sent to all companies that have submitted this letter and appropriate list
along with an invitation (and required similar subsequent form letter to be
completed) to attend a first meeting regarding the formation of a licensing
entity.  

All patent holders submitting such letters and lists were also asked to  commit
to license their essential patents on a reasonable, fair and nondiscriminatory
basis whether they join the pool or not.  Further, they were asked to agree
that submission of the letter and its attachment(s), as well as their company's
participation in this effort, does not constitute a "notice" from them to
anyone or any company, nor does it constitute a charge or basis for a charge of
patent infringement and related damages of any kind by them against anyone or
any company for any purpose under any applicable law.

Finally, it was decided that a meeting of such willing Licensors should be held
before the next meeting of the MPEG IPR Group in Singapore on November 10, 1994
and a new working group was established to plan the agenda for the first
Licensor meeting.  

Working Group for Agenda of First Licensors Meeting/First Licensors
Meeting/First Meeting of MPEG Licensing Entity Establishment Group
That group met in Eindhoven on June 6 and 7, 1994.  Based upon the
recommendations of that Group, the first Licensor meeting discussed above
occurred on September 29, 1994.  At this meeting, a MPEG Licensing Entity
Establishment Group was formed consisting of all licensors that compiled with
the formalities discussed above and, in to view of the CableLabs' patent
search, held relevant patents for the implementation of MPEG.  Those members
are:  ATT, Columbia University, General Instrument, Matsushita, Mitsubishi,
Sony, Philips and Thomson. ( It is important to note, however, that the
CableLabs' search was limited to US issued patents covering MPEG 2 video, main
level, main profile.  The effort is now being expanded to systems level patents
and will thereafter cover audio as well.  As a result, it is quite possible
that new members of this Group will be named as the effort expands.)

Further, at this meeting, the Licensor Group confirmed that the mission of the
effort was to "[t]o foster fair, reasonable and nondiscriminatory access to as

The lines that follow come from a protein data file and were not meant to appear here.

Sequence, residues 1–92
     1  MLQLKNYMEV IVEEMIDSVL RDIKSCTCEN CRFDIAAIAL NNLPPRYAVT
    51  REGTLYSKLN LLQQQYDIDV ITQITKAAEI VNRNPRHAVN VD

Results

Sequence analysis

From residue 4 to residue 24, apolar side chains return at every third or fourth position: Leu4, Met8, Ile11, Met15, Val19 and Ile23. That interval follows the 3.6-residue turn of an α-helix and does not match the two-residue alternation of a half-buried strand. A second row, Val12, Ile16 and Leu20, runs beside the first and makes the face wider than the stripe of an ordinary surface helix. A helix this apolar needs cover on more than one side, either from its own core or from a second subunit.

much relevant IPR as is possible for the implementation of digital television."

On September 30, 1994, the first meeting of the Entity Establishment Group was
held.  The Group adopted as its objective the creation of an ongoing effort
(i.e. a licensing entity) to aggregate as much of the relevant IPR as is
possible to implement MPEG, to determine appropriate measures to assure the
fair, reasonable and nondiscriminatory access of this IPR to all parties
desiring to be licensees and to implement the business structure necessary and
appropriate to fulfill these objectives.

This Entity Establishment Group plans to meet again in the January/February
1995 timeframe so as to meet the goal of establishment of an entity to begin
this work by March 1995.  The Group is meeting in a series of regional subgroup
between the September 30, 1994 and its planned whole Group next meeting.

Report of the Singapore Meeting
On November 10, 1994, the fourth meeting of the MPEG IPR Group was held. The
Group was briefed on the work undertaken and completed between this and its
fourth meeting.  The Group commented upon the work to date and their was
consensus on its general direction.  The Group also agreed to meet again (its
fifth meeting) on the Thursday AM of the next MPEG meeting in Lausanne,
Switzerland in March at which time it is anticipated that the MPEG Licensing
Entity Establishment Group will announce its progress to date and the
establishment of the licensing entity.

=============================================================================

			        About USENET

USENET (Users’ Network) was a bulletin board shared among many computer
systems around the world. USENET was a logical network, sitting on top
of several physical networks, among them UUCP, BLICN, BERKNET, X.25, and
the ARPANET. Sites on USENET included many universities, private companies
and research organizations. See USENET Archives.

		       SCO Files Lawsuit Against IBM

March 7, 2003 - The SCO Group filed legal action against IBM in the State 
Court of Utah for trade secrets misappropriation, tortious interference, 
unfair competition and breach of contract. The complaint alleges that IBM 
made concentrated efforts to improperly destroy the economic value of 
UNIX, particularly UNIX on Intel, to benefit IBM's Linux services 
business. See SCO v IBM.

The materials and information included in this website may only be used
for purposes such as criticism, review, private study, scholarship, or
research.

Electronic mail:			       WorldWideWeb:
   tech-insider@outlook.com			  http://tech-insider.org/